Benny Burrows, of 20953 East County Road 159, is to appear before District Judge Richard B. Darby.
According to an affidavit, Jackson County Sheriff’s Deputy Joe Everhart went to Burrows' residence on Nov. 26, 2004, to check on some horses owned by Burrows that had reportedly been neglected.
Everhart saw several thin horses in the pasture that appeared to be underfed. One red horse was lying on the ground, and when it tried to get up it fell back down. The deputy filmed a video of the property and the horses, but could not locate Burrows.
On Nov. 27 Everhart returned to speak with Burrows, who said that the mare he had seen lying on the ground was still nursing foals, "and they were just sucking her down." The deputy told Burrows that he may face charges for cruelty to animals and that he needed to start feeding and taking care of his horses.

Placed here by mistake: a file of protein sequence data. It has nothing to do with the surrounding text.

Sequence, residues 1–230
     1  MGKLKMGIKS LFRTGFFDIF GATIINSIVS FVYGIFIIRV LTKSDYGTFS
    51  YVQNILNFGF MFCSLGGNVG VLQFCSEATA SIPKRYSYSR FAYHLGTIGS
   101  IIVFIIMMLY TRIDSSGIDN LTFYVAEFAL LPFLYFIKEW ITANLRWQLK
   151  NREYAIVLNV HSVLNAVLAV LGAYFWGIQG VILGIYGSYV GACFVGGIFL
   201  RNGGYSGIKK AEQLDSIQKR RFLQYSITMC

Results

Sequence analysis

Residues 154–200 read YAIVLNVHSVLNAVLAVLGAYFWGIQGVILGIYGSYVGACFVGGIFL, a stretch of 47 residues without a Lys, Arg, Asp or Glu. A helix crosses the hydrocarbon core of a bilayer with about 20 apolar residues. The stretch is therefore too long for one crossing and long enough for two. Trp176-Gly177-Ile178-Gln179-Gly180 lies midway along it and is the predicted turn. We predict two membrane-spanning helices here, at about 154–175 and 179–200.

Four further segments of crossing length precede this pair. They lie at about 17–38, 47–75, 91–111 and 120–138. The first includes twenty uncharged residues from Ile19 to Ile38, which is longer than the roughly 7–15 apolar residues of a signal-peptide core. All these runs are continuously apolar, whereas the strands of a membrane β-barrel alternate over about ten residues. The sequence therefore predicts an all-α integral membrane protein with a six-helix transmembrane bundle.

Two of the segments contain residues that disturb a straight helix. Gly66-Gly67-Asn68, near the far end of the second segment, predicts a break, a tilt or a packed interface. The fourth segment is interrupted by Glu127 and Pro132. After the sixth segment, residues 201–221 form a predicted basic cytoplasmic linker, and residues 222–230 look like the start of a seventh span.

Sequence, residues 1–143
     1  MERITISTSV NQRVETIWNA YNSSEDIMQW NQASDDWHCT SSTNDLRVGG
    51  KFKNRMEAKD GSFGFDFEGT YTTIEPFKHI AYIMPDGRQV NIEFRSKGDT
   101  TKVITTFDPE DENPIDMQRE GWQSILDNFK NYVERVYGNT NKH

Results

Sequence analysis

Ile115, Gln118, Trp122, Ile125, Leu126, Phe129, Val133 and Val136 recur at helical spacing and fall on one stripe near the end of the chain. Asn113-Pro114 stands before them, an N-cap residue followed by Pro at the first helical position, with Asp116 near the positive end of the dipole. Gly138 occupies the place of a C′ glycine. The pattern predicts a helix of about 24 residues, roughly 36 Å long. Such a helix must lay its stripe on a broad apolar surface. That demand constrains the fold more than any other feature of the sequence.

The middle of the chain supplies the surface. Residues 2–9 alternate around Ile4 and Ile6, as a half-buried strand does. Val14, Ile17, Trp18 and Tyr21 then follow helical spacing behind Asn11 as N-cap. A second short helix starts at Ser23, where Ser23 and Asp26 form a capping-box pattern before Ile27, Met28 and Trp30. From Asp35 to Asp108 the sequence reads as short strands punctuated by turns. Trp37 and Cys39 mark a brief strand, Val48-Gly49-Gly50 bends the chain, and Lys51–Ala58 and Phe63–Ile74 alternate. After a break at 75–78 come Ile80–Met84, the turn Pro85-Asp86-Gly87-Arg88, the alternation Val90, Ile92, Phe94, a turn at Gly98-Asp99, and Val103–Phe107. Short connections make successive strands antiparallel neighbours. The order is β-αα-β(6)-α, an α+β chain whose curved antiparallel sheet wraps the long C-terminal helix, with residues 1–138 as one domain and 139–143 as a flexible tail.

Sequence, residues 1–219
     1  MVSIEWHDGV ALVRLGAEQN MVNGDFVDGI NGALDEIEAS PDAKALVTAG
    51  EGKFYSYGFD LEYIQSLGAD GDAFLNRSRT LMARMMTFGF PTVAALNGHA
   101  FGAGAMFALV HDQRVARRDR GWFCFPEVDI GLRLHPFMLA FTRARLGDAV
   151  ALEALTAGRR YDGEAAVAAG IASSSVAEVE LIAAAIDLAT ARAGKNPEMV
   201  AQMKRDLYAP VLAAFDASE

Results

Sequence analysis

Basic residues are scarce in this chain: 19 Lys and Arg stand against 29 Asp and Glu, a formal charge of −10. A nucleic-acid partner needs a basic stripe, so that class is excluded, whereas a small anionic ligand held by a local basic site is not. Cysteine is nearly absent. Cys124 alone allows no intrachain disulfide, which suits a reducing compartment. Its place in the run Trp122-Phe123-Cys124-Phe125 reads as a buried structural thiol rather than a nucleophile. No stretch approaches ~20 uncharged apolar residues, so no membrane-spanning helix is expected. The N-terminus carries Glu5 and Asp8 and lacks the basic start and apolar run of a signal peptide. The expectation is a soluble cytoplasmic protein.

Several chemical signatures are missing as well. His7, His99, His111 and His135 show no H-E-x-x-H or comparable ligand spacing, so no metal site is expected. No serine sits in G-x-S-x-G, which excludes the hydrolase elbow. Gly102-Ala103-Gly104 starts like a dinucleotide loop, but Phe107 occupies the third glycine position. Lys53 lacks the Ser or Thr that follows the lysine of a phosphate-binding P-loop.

A few days later, the affidavit says, Everhart went back to the property to check on the mare and found her dead in the back pasture. He then asked Animal Control Supervisor Steve Ross to go out to the property with him and see the horses. Ross advised Everhart to keep an eye on the animals for the next few weeks.
On Jan. 18 of this year, after learning that two more horses had died and that there was another red horse "that looked very poor and underfed," Everhart contacted Burrows, who said he didn't know why the horses died. Everhart told Burrows to take the red horse to the veterinarian and to have the vet contact the sheriff's department as to the horse's condition.
On Jan. 19 the veterinarian told Undersheriff Roger LeVick that the horse was malnourished and had internal parasites. The warrant for Burrows' arrest was issued Jan. 27.
On Feb. 22 the Norfolk, Va.-based advocacy group People for the Ethical Treatment of Animals sent a letter to the Office of the District Attorney here demanding jail time and psychiatric intervention for Burrows if he's convicted of the charges.